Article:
PENNSYLVANIA 17TH CD. Hotline has gotten its hands on a month-old Lake Research internal for Democratic attorney Chris DeLuzio that shows him just barely edging out his Republican opponent, businessman Jeremy Shaffer, by a 43-42 margin. A couple of polls from the springtime, including one from the DCCC and another from U.S. Term Limits, also found a similarly tight race. Pennsylvania’s 17th, located in the Pittsburgh suburbs, would have voted 52-46 for Joe Biden, which is an improvement for Democrats compared to Biden’s 51-48 margin under the old lines.

NEVADA U.S. SENATOR. In what’s certain to be a recurring theme in Republican ads this year, the far-right Club for Growth is putting $2 million behind a spot attacking Democratic Sen. Catherine Cortez Masto over the newly enacted Inflation Reduction Act. The ad features ominous footage of an army of G-men in black suits—strongly reminiscent of the “agents” from The Matrix films—while the narrator warns of “87,000 new IRS agents” coming for the middle class.

Republican officeholders and media figures have widely tried conjuring up the boogeyman of jackbooted IRS thugs coming to oppress middle class taxpayers since the law’s passage. But even Trump-appointed IRS Director Charles Rettig has stated that the agency would not crack down on those making less than $400,000, explaining that the beefed up enforcement of tax evasion would only target corporations and the richest 1-2% of households.

The IRS will reportedly also use the new funds, which comes after a decade of Republican-backed budget cuts left the agency with nearly 20% less funding than in 2010, to replace many of the nearly 50,000 of its employees who could retire over the next five years. Many of the thousands of newly created IRS jobs beyond those positions would be in customer service and information technology—hardly the tens of thousands of armed enforcement agents that Republicans are whipping up paranoia over.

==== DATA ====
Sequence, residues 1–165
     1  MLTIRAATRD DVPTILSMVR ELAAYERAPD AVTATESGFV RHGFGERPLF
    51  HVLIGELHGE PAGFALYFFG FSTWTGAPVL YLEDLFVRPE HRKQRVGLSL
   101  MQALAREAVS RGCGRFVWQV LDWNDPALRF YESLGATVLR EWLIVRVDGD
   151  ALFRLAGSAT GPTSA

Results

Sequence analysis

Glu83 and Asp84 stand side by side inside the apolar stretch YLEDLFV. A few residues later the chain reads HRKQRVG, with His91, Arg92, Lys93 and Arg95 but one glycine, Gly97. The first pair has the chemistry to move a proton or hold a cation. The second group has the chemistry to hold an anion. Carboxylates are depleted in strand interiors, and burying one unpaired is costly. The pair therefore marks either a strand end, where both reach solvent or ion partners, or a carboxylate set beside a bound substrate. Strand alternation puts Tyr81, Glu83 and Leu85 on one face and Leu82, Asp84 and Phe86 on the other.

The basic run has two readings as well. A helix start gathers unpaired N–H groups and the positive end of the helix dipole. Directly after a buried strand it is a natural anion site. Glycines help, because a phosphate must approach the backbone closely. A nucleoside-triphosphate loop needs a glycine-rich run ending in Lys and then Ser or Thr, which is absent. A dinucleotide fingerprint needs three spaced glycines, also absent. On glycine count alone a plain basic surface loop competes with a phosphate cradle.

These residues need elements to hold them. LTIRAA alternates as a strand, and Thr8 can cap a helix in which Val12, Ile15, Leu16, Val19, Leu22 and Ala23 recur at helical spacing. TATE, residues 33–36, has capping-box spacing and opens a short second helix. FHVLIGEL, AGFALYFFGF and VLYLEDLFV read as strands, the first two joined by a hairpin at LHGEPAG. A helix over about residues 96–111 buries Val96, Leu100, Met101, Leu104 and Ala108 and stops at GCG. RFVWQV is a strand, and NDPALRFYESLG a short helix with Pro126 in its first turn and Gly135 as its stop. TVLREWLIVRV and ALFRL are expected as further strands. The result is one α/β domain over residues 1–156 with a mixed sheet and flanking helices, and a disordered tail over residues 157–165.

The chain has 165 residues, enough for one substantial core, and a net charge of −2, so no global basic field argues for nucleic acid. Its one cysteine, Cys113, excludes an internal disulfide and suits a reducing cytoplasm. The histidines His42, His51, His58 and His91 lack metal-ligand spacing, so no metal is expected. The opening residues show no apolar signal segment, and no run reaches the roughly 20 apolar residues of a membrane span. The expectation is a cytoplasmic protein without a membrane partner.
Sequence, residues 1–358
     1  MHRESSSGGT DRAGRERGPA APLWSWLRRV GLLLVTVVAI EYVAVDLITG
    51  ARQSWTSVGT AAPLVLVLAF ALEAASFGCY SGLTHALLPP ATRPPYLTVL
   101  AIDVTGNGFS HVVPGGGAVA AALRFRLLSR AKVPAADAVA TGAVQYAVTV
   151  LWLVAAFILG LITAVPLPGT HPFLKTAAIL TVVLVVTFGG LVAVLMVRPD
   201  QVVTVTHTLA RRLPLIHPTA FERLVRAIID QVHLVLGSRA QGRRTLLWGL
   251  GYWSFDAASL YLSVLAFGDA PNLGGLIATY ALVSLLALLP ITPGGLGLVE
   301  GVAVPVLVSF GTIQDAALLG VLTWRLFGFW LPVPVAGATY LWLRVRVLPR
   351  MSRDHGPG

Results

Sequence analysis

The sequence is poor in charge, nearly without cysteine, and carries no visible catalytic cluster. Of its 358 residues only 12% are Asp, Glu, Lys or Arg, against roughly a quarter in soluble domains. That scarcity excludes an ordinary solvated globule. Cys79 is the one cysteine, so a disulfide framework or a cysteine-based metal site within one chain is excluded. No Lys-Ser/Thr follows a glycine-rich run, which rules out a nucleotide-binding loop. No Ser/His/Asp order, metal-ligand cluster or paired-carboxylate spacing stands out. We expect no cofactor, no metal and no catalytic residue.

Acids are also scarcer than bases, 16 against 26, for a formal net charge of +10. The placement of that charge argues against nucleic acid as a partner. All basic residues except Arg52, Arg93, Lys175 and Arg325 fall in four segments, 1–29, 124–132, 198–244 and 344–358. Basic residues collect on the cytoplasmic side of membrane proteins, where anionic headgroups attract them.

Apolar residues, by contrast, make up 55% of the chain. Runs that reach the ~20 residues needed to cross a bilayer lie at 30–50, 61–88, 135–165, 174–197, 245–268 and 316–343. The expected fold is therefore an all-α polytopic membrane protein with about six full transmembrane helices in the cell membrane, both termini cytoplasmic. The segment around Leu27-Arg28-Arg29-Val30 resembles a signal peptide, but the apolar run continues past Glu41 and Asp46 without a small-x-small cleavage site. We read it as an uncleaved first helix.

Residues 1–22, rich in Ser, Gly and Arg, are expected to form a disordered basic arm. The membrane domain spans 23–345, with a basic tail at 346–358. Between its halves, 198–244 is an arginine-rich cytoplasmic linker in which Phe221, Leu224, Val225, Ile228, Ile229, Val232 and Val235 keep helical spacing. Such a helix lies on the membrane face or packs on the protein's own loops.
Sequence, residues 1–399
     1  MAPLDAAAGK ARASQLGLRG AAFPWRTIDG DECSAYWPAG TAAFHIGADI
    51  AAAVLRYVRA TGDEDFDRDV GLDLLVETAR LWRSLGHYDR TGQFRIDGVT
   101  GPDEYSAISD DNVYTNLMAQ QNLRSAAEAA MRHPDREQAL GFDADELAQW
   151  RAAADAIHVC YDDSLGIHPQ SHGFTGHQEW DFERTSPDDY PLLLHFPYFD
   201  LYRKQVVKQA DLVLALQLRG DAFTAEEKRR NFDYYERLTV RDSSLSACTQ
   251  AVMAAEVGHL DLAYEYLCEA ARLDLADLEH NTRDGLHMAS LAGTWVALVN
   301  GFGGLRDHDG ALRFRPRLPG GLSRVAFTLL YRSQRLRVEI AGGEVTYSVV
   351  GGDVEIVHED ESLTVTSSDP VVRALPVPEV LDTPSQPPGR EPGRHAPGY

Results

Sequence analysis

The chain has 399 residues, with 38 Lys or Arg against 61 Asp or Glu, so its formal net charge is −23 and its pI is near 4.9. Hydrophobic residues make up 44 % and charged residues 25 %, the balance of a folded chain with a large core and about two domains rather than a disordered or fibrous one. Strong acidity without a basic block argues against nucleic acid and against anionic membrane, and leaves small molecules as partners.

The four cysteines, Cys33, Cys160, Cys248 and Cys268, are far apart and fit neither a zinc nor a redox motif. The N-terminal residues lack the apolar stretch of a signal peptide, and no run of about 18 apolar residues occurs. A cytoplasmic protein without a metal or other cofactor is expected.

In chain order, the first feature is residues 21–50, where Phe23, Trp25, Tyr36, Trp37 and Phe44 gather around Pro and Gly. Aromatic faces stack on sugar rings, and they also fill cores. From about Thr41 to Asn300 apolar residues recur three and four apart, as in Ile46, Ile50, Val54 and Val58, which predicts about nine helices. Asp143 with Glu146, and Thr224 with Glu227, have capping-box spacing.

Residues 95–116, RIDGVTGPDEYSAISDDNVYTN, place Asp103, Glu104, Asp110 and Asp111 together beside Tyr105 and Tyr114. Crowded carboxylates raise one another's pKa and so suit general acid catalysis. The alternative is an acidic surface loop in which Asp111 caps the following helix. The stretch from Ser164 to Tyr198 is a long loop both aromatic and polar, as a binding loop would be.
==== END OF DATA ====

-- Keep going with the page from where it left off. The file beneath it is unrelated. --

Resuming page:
“For years, Democrats warned that abortion rights were under grave threat. Across the US, antiabortion activists in red states chipped away at access and pushed for conservative judges to secure their gains. Yet for many Americans, the prospect of losing the constitutional right to abortion that had existed since 1973 remained worrying but remote,” The Guardian reports.  “That all changed in June, when in Dobbs v Jackson, the supreme court overturned Roe v Wade, the 49-year-old ruling which had established the right.”

“Since then, bans have taken effect in at least 10 states. Republicans are rushing ahead with new restrictions and stirring fears that other rights, including same-sex marriage and access to contraception, could be vulnerable too.”

“And yet, from rural Minnesota to ruby red Kansas and a conservative corner of Nebraska, there are signs of a brewing backlash that Democrats believe will reshape the battle for control of Congress and statehouses this fall.”

TEXAS GOVERNOR. Washington Post: “Maybe it’s a fool’s errand or just a kamikaze mission of hope, but Beto is holding more than 70 public events in 49 days trying to convince people in mostly small, rural and often incredibly red towns around the state that he should be their next governor. It’s part of a campaign strategy fueled by the fact that four years ago he came closer than any Democrat in a generation to winning a statewide office in his Senate race — within 220,000 votes, or 2.6 percent. Which in Texas counts as close.“

“Beto is targeting GOP strongholds that former president Donald Trump won with 70, 80 or even 90 percent of the vote just two years ago, making his schedule public and inviting the entire community to join.”

Rep. Liz Cheney (R-WY) told ABC News that she intends to use her new political organization to combat the campaigns of Republicans who support former President Donald Trump and his unfounded claims around the 2020 election.